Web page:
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The End Of Faith
Free Press / Simon & Schuster hardcover £12.99
review by Debbie Moon
After a century or more in which faith was regarded as a private eccentricity that had little influence on world events, religion is suddenly centre stage again, driving or at least influencing terrorism, internal conflict, and international military intervention. Sam Harris is not surprised by this - for him, all faiths that insist they hold the only way to God are automatically predisposed to physical hostility towards other faiths. Anyone who truly believes in one of these religions is required by their own scriptures to take up arms against the infidel - and any liberal or moderate believer who claims otherwise is simply ignoring the truth of their own religion. Liberal tolerance is doomed in the face of religions that show no tolerance themselves. Therefore, the answer is the complete elimination of religion. Our spiritual side will instead be fed by a vaguely Buddhist spirituality that he devotes a chapter to extolling.
Harris makes some extremely interesting points, but he makes them in pursuit of a thesis every bit as flawed and fascistic as the religions he criticises. Without doubt, appalling atrocities have been committed, and continue to be committed, by those believing themselves justified by their religion. However, politics, nationalism, language, and differing social customs have led to just as many deaths - and Harris' attempt to evade the most obvious example by classifying Nazism as a religion simply won't wash. Shall we ban them? (Harris says yes, in effect, by saying that a world government is the only route to peace). In fact, considering the millions who must have died over the centuries due to sexual jealousy, shall we ban love as well?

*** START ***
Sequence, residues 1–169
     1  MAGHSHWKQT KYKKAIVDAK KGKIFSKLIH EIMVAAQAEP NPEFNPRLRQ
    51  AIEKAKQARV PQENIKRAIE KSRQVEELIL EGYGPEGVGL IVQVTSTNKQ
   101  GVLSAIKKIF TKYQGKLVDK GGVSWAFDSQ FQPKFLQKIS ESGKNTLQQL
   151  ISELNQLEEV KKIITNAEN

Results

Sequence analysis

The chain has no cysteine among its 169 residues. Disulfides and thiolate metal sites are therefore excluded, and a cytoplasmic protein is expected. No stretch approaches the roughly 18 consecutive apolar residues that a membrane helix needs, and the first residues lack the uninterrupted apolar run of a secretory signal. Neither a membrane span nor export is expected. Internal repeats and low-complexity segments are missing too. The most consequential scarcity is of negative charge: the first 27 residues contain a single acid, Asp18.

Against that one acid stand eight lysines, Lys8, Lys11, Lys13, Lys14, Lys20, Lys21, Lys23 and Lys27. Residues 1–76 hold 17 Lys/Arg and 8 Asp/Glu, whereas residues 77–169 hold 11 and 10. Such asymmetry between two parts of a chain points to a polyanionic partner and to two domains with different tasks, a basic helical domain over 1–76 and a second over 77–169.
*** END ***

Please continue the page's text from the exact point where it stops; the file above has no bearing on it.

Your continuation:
He does concede, with sulky brevity, that religion has also inspired acts of great kindness and social justice - and seems unaware that he's just undermined his own argument. If Osama Bin Laden and George Bush 'prove' that religion should be eliminated, then wouldn't it be equally logical to claim that Martin Luther King and Mother Theresa 'prove' that religious belief should be made compulsory? His points about the wilful blindness of believers - Christian, Jewish, and Muslim - who quietly ignore injunctions to commit religious violence in their own scriptures, are thought-provoking, and his dissection of the weaknesses of western liberal tolerance and moral relativism are extremely timely. However, his facts are not always correct - I'm not aware of any Christian denomination that believes one person wrote the Bible in its entirety, as he alleges - and it's hard to find his alternative stance attractive. Should we really, as he suggests, counter intolerance with greater intolerance? Isn't it sometimes better to do the right thing than to win? (I guess I'm just a wishy-washy western liberal Christian, so what would I know..?)
Harris carefully avoids the issue of how you force the existing population to give up their religion, by concentrating on suggesting an atheistic upbringing for the next generation. Perhaps he realises that the logical conclusion of his argument, forced conversion to atheism, is simply too close to the forced conversions he wastes no time in vilifying historical missionaries for... But the shadow of compulsion, of Stalinist re-education, remains. And by the time Harris states that it may be necessary (morally appalling, he agrees, but nonetheless necessary) for the west to launch an all out pre-emptive nuclear strike on any Islamic country that obtains nuclear weapons, and wipeout their entire population before they, inevitably, bomb ours, you may begin to wonder what kind of right-wing lunatic you're reading.
Of course, this is an academic text, and an argument that's hard to stomach doesn't make it a bad book. The End Of Faith is a well-written, provocative and interesting view of one of the major issues facing us in the 21st century, and despite disagreeing with most of what's said in it, I'd heartily recommend it to anyone interested in getting a new angle on religion and world politics.
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